Declining natural prey has forced Snow Leopards to catch domestic animals, bringing them into conflict with people. Conservation efforts are also hampered by people hunting these cats. Although trade in Snow Leopard skins is illegal, the beautiful, thick fur is still highly prized.
Amazing Snow Leopards
These large cats are perfectly adapted to life in cold, mountainous regions. They have large nasal cavities to aid breathing in the thin air of high altitudes, and their short, stocky legs give them great agility. Their patterned white-grey fur is excellent camouflage against rocky, snow-covered terrain and their thick coats protect against extremely cold weather. The fur on their bellies can be up to 12 cm long.
Snow Leopards are solitary, opportunistic hunters that prey on wild sheep and goats, and smaller animals such as rodents and birds. In some Tibetan villages they cause over 9% of the domestic animal losses each year. This puts them in danger of being killed by people trying to protect their stock. They hunt by stalking their prey then attacking in a final, brief rush.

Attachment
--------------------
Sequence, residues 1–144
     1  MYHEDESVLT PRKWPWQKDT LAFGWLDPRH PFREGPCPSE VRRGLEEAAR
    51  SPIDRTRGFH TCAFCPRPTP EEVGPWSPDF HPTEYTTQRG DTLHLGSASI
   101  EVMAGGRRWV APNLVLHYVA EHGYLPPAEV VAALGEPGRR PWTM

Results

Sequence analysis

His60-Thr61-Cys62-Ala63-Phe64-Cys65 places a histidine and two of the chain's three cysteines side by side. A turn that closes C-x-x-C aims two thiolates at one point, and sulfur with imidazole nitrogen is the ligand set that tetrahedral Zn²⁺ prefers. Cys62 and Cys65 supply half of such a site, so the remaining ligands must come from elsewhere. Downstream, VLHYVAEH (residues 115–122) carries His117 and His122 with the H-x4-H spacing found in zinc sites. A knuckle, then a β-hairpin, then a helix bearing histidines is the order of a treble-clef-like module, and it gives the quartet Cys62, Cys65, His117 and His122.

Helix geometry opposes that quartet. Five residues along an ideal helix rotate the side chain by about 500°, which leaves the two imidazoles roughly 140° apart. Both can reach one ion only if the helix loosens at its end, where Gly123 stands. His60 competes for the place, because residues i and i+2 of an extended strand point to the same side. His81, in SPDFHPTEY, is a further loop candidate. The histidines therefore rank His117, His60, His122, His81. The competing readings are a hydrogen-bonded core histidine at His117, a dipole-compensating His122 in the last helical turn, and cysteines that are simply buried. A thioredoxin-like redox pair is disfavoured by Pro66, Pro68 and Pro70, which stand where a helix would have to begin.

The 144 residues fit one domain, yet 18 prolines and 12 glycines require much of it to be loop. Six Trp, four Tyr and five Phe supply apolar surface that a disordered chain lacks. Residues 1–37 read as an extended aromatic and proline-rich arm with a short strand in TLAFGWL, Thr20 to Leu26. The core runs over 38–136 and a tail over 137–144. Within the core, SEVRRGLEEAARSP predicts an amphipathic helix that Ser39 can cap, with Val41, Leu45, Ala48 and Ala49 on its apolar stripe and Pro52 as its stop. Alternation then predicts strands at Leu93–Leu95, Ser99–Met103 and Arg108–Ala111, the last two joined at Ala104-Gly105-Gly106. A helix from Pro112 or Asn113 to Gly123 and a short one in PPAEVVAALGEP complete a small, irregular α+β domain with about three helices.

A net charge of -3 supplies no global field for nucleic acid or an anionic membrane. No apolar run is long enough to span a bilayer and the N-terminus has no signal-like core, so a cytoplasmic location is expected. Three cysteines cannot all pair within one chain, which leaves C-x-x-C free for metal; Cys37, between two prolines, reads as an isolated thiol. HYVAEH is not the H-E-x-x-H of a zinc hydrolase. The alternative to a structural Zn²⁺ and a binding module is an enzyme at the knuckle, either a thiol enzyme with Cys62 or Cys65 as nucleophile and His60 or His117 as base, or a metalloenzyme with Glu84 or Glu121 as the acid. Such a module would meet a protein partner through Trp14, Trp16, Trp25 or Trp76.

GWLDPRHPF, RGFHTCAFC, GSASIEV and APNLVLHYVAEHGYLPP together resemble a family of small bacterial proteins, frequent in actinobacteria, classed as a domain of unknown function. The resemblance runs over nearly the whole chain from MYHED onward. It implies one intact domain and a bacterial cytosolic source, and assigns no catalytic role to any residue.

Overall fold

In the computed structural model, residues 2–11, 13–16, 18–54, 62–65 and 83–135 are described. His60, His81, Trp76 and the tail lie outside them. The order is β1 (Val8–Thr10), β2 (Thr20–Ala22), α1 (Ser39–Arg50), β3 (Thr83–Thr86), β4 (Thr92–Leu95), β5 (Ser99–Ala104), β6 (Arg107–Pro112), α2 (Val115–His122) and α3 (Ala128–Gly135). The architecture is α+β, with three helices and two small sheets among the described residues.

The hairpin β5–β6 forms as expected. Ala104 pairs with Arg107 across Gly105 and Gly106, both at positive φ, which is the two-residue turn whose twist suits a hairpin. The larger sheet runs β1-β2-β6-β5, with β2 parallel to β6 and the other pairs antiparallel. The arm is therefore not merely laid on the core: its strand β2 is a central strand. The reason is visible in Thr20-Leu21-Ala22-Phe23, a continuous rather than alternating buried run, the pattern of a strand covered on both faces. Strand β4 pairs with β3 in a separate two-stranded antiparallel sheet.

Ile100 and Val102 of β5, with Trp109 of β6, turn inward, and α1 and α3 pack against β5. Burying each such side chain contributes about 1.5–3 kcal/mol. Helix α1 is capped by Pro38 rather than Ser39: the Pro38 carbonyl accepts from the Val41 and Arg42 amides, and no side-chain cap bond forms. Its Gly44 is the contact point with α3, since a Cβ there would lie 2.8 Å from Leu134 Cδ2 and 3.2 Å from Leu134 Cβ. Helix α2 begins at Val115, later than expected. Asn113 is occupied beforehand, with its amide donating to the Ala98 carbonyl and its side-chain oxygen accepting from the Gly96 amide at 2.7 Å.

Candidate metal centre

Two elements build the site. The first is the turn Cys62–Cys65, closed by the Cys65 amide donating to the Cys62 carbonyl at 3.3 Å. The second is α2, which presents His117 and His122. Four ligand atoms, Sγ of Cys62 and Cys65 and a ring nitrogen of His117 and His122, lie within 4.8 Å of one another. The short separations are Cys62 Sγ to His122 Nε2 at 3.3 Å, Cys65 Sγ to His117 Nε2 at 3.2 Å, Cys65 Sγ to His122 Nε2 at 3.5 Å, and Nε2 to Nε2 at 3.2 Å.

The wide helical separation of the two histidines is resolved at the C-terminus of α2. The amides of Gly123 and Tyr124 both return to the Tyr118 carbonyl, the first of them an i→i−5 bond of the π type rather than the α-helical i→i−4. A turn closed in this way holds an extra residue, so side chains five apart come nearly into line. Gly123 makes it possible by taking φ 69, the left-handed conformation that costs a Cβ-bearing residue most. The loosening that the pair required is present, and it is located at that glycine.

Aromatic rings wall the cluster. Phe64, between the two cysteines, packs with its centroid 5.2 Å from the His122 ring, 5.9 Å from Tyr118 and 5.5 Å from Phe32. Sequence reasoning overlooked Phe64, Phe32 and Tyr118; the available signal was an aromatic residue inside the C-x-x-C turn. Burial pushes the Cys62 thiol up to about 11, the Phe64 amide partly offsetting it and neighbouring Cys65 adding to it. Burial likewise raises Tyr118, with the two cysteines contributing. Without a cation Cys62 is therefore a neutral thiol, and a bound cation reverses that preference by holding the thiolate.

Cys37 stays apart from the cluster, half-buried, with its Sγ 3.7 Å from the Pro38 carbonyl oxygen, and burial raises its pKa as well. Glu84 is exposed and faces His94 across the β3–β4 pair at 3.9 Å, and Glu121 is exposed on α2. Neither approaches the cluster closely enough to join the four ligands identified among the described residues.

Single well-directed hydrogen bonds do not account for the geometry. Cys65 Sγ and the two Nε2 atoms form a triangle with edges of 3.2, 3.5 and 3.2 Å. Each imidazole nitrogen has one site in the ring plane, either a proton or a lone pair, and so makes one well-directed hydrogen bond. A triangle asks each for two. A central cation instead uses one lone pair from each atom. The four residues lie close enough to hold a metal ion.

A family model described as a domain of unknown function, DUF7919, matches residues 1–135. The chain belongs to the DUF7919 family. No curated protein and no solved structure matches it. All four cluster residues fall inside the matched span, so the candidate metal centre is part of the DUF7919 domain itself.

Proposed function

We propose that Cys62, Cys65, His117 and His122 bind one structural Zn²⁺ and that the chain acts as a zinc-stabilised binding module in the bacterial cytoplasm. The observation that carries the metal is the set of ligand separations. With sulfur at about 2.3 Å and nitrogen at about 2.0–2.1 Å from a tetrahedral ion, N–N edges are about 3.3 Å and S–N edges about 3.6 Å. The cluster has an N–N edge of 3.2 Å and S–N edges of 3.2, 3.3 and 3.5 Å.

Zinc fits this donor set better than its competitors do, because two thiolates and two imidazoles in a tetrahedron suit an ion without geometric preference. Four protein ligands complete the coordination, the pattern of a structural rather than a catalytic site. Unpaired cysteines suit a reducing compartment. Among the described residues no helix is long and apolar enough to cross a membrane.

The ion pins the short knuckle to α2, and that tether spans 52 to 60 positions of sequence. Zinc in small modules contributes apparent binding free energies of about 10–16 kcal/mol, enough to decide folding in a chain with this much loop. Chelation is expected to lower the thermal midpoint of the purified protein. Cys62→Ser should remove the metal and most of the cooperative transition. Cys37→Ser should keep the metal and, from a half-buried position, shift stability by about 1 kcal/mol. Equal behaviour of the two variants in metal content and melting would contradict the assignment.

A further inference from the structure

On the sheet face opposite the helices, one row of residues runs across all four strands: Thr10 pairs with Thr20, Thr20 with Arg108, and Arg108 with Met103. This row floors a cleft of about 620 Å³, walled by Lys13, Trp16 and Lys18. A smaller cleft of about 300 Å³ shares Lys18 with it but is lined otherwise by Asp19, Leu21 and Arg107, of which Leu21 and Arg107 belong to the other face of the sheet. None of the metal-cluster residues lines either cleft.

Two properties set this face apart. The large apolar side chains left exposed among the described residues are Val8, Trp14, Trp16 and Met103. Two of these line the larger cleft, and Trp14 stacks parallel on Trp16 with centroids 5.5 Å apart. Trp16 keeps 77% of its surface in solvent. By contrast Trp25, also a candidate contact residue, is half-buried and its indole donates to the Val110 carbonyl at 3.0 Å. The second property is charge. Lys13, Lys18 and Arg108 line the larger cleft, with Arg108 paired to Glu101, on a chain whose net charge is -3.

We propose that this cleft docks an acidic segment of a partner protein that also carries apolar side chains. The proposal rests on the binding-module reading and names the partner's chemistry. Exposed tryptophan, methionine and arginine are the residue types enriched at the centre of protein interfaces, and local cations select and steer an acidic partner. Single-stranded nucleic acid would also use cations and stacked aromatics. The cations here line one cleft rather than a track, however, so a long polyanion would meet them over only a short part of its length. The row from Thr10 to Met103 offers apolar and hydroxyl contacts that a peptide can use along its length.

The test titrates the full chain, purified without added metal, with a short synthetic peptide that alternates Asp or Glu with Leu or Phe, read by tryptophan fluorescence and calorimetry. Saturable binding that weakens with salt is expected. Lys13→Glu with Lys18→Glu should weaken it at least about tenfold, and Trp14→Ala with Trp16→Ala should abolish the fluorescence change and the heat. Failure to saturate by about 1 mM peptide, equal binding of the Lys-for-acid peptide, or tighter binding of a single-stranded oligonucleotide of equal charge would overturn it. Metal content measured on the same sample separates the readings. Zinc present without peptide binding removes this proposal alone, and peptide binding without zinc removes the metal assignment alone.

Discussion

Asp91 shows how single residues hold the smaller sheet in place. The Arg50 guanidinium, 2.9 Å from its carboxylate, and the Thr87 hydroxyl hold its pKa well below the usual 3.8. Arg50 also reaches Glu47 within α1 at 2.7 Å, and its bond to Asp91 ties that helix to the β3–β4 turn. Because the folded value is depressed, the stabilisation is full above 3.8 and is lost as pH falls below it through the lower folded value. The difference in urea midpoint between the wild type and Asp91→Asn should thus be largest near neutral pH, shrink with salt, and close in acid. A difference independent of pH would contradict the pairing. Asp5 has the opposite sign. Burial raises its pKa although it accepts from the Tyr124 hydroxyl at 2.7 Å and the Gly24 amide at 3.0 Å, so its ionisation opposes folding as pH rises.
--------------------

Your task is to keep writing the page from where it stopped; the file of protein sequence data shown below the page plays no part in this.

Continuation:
The range of Snow Leopards varies between 20 and 1000 square kilometres, depending on the quality of the habitat. Mating occurs in winter, and young are born in spring or early summer. Young cubs remain with their mother for 18 to 22 months.
Snow Leopards are rare and secretive thus little was known about their biology until modern tracking techniques became available. Only about 4000–6000 individuals remain in the wild, and their numbers have dropped dramatically in recent decades.